Bulk Cargo Trimming

Bulk Cargo Trimming

Bulk Cargo Trimming is levelling off cargo in a ship’s holds.

Bulk Cargo Trimming is shortened as trimming, (not to be confused with trimming in connection with the ship’s draft).

Bulk Cargo Trimming can be accomplished in many ways:

Most costly and time-consuming method is for a gang of men using shovels to physically shift the cargo in the top of the cone to the hold sides. Physically shifting top of the cone is not always possible on economic and/or safety grounds.

Some cargoes like grain can be spout trimmed, whereby the loading spout or chute is moved across a hold during loading so as to distribute the cargo more evenly. If the ship concerned has a large deck overhang preventing the spout reaching the hold extremities, spout trimmed may not be particularly successful.

Mechanical cargo trimming equipment exists which can be used to level off cargo peak heights. Mechanical cargo trimming may be successful only in the area of the hatchway opening, not beneath deck overhangs.

Modern bulk carriers are self-trimmers. Under weather decks of modern bulk carriers have an angled upper wing tanks can be used to trim cargo as it fills the holds and in such a way most commodities can be spread to fill a ship’s cargo compartments without the need for manual assistance. Generally, ship’s upper wing tanks are utilized solely for water ballast when a ship is otherwise empty at sea, but sometimes upper wing tanks have the added role of carrying cargo. When upper wing tanks are dried and cleaned at a loading port. Upper wing tanks may be filled with a free-flowing commodity such as grain. Access to the upper wing tanks are being gained through openings on the weather deck immediately above. Trimming of cargo in upper wing tanks is difficult if not impossible, and so it is unlikely that all the space in an upper wing tanks can be utilized. At a discharge port the cargo in the wing tanks can either be sucked out through the same main deck openings or bled through apertures into the main hold beneath. This activity is known as bleeding wing tanks. Not all commodities are suitable for carriage in bleeding wing tanks. It is crucial when describing a ship for chartering purposes to state clearly whether the ship’s cubic capacity is in main holds only or includes bleeding wing tank volumes.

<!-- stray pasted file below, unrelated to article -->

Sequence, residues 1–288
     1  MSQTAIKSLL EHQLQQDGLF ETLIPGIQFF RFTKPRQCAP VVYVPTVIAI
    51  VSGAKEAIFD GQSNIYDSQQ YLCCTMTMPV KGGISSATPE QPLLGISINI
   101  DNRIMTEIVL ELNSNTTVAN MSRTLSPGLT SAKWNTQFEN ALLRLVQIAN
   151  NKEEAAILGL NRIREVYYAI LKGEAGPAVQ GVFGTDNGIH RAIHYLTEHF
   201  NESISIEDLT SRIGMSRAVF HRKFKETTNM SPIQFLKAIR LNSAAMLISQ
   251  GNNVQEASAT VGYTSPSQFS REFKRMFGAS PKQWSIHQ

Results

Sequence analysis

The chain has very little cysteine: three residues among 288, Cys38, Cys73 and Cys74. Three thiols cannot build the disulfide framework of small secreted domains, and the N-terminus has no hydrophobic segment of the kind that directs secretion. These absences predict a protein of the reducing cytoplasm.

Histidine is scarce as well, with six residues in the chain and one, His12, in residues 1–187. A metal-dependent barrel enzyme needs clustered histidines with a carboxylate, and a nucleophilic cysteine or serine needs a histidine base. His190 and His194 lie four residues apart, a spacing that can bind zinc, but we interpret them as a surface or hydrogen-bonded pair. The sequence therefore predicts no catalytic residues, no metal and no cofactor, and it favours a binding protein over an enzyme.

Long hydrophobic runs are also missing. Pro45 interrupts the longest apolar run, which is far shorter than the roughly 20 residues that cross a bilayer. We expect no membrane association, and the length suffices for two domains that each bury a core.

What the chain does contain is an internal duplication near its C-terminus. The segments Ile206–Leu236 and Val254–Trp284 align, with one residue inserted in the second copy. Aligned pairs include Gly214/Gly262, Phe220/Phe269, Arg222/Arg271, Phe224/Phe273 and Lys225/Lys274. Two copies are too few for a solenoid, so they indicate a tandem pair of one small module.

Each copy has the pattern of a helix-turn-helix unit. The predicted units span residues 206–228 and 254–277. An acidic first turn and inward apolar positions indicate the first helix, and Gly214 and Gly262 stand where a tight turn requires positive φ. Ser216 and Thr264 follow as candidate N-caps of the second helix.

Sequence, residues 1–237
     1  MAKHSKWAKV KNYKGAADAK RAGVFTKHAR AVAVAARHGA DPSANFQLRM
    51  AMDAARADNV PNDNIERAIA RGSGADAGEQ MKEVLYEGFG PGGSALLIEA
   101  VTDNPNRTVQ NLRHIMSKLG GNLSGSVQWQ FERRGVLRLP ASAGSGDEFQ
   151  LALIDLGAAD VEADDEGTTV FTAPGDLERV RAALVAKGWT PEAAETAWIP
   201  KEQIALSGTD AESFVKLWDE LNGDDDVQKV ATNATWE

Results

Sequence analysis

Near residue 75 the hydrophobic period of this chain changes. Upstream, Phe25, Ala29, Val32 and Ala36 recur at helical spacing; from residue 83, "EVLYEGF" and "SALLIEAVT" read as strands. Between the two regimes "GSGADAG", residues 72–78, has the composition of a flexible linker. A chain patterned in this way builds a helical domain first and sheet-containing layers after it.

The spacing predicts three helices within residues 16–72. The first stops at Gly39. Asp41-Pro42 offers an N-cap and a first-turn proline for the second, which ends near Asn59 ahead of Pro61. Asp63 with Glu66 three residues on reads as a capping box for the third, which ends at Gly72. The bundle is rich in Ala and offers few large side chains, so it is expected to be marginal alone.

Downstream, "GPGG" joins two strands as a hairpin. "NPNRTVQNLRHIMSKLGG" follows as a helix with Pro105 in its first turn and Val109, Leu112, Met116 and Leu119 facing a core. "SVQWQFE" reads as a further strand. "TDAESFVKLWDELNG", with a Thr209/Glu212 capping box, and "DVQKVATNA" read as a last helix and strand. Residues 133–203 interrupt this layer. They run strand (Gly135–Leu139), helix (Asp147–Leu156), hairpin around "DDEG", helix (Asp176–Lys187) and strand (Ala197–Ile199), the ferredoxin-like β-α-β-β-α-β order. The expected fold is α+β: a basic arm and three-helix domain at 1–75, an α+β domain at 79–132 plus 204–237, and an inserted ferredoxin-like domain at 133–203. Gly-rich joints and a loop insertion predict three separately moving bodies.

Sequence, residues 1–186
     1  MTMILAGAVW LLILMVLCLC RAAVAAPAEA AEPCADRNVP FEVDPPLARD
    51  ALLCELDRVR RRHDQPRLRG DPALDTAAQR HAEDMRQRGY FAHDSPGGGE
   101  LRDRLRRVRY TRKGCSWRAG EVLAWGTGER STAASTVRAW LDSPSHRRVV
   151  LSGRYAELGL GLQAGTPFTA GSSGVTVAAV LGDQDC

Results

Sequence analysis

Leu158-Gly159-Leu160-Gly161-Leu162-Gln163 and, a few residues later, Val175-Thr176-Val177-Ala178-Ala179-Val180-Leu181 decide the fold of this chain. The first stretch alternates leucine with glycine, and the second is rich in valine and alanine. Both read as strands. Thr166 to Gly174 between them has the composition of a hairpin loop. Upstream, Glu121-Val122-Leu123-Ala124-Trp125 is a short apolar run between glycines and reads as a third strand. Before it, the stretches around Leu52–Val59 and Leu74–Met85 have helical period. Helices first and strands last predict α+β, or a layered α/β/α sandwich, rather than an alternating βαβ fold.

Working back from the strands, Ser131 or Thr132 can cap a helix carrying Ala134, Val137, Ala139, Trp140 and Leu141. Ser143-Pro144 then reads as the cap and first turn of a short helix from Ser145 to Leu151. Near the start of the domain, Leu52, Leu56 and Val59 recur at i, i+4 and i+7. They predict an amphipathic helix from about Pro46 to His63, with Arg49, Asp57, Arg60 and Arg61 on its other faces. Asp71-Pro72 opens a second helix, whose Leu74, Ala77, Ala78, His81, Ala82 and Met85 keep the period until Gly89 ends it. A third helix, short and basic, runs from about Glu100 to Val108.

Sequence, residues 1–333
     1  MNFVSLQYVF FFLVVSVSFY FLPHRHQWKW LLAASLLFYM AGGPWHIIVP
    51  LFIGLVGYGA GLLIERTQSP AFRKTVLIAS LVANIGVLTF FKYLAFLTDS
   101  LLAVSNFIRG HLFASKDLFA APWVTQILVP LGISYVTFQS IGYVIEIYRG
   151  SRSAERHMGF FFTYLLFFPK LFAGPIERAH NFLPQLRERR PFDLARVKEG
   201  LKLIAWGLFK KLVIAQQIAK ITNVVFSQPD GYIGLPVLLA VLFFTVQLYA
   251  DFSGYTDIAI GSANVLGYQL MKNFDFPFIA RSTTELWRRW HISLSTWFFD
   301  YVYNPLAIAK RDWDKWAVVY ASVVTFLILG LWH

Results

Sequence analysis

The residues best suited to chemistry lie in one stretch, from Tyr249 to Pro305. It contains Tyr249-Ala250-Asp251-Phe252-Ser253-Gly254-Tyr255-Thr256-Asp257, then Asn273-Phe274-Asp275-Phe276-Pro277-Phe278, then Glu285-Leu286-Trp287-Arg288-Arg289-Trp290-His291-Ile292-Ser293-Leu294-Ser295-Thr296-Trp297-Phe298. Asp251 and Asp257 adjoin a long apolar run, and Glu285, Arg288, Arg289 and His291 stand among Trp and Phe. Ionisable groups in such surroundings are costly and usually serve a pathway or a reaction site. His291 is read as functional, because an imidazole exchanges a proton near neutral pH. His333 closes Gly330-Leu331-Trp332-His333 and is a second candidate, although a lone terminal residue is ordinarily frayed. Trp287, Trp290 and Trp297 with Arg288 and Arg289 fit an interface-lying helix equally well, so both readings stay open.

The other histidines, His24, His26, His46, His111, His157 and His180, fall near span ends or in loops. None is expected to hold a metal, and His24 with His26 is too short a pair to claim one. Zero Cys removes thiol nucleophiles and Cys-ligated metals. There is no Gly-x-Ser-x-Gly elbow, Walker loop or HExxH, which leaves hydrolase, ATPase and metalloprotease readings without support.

Dry bulk cargoes with an angle of repose greater than 35 degrees are less prone to surface shift, but these cargoes need trimming sufficiently to cover the entire tank top area out to the ship’s side. Thus, reducing the pile height and distributing the cargo weight evenly over the hold bottoms.

In chartering market, there are a few tweendeck ships with self-trimming facilities. Generally, tweendeck ships are usually impossible to load using all available space, a fact to be borne in mind when calculating the amount of bulk cargoes tweendeck ships can carry. It is unrealistic to simply divide a tweendeck ships’ total grain cubic capacity by the approximate stowage factor (SF) of the bulk cargo involved. Due to deck overhangs in tweendeck ships, allowance must be made for loss of space.

Cargo carried in upper deck of tweendeck ships can seriously affect a ship’s stability. If the bulk cargo has a low stowage factor (SF), it may be possible to load the entire bulk cargo in main lower holds, avoiding tweendeck ships stowage altogether. Many modern tweendeckers (tweendeck ships) or multi-purpose ships (MPP) have feeders (feed cargo to the desired location, directly down to the lower holds) in order to facilitate the loading of the lower holds. Shifting boards are constructed in the tweendecks to reduce the overall area and prevent cargo shifting.